Place, publisher, year, edition, pages
Stockholm: KTH Royal Institute of Technology, 2013. , xiii, 53 p.
Series
Trita-LWR. PHD, ISSN 1650-8602 ; 1074
Keyword [en]
Local scale dispersion, Heterogeneity structure, Concentration moments, Moment collapse, Expected mass fraction
National Category
Other Environmental Engineering Environmental Engineering
Identifiers
URN: urn:nbn:se:kth:diva-133455ISBN: 978-91-7501-900-0 (print)OAI: oai:DiVA.org:kth-133455DiVA: diva2:661510
Public defence
2013-11-05, Kollegiesalen, Brinellvägen 8, KTH, Stockholm, 10:00 (English)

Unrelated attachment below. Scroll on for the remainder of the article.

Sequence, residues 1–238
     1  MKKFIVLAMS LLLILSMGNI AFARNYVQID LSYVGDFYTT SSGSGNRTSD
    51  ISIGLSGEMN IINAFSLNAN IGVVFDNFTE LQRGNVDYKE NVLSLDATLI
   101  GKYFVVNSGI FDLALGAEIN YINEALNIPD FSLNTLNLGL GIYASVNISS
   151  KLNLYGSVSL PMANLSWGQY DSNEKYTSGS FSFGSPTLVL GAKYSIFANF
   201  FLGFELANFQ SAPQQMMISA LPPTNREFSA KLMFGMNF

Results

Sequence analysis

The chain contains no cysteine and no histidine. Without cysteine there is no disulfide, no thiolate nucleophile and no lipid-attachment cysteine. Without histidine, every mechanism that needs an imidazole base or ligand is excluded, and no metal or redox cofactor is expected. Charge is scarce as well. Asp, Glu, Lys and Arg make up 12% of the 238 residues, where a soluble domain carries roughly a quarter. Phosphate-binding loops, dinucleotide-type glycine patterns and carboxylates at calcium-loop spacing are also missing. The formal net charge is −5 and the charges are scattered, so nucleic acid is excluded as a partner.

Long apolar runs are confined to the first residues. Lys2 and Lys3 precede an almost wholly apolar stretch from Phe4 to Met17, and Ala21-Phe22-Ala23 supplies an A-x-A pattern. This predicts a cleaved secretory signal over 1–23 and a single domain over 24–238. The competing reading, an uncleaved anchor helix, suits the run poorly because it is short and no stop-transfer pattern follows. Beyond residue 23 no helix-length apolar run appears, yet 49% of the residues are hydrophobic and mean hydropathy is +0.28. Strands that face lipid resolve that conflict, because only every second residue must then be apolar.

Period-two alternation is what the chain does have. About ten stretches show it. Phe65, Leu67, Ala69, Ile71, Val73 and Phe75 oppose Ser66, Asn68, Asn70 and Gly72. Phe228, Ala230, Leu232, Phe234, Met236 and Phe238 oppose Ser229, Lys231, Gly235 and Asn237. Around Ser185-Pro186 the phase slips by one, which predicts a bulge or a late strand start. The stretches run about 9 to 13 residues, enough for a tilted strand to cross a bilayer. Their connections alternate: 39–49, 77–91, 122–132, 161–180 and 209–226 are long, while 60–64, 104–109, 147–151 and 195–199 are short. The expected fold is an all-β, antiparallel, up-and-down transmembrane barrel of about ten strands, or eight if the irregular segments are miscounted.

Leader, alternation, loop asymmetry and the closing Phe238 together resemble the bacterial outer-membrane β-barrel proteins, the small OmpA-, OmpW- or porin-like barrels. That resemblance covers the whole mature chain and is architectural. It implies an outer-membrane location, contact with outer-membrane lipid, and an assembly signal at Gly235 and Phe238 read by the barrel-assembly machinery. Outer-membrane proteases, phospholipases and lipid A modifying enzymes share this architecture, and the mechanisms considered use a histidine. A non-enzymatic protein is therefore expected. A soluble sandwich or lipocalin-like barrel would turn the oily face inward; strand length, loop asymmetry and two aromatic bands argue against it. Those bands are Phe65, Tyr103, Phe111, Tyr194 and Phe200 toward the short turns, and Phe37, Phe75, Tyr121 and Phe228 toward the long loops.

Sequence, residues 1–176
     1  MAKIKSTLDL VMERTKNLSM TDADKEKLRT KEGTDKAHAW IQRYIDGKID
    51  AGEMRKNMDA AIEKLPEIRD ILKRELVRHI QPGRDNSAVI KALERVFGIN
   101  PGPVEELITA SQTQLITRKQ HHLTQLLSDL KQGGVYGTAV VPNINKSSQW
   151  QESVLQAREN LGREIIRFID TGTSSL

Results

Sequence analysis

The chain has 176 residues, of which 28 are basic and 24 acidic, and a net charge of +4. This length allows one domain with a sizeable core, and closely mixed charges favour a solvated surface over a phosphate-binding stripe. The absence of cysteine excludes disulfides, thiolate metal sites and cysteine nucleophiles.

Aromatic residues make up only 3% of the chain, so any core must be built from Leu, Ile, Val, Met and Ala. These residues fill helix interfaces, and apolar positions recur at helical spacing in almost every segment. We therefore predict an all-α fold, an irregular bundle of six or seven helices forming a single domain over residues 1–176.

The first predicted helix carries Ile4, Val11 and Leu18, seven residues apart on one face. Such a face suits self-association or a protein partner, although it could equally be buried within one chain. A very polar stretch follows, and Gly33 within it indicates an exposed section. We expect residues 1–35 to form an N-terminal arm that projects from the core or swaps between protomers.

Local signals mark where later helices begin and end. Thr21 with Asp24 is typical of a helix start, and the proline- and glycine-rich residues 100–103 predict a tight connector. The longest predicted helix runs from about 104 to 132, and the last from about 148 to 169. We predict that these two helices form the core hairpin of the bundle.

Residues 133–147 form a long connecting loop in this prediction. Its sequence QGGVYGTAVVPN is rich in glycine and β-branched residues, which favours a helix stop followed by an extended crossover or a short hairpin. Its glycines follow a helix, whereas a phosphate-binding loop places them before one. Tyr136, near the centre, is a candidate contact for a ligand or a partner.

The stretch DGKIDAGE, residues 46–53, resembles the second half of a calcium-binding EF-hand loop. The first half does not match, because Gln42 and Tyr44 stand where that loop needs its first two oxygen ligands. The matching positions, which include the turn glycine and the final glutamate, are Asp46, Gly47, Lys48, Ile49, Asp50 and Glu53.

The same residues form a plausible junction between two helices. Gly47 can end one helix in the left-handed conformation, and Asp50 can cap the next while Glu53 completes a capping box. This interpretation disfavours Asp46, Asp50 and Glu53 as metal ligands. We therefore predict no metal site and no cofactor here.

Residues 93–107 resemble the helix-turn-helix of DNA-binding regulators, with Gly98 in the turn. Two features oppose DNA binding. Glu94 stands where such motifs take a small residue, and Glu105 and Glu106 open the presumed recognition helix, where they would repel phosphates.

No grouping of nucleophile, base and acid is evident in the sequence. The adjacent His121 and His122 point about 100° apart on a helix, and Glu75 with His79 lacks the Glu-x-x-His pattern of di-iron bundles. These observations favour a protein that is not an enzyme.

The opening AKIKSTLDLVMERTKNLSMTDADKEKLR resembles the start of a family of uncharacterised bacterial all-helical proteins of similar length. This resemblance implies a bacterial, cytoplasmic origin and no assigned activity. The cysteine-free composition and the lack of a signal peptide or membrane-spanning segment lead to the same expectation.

Opponent
Supervisors
Note

QC 20131104

Available from: 2013-11-04 Created: 2013-11-04 Last updated: 2013-11-12Bibliographically approved
List of papers
1. Impact of aquifer heterogeneity structure and local-scale dispersion on solute concentration uncertainty
Open this publication in new window or tab >>Impact of aquifer heterogeneity structure and local-scale dispersion on solute concentration uncertainty
2013 (English)In: Water resources research, ISSN 0043-1397, E-ISSN 1944-7973, Vol. 49, no 6, 3712-3728 p.Article in journal (Refereed) Published
Abstract [en]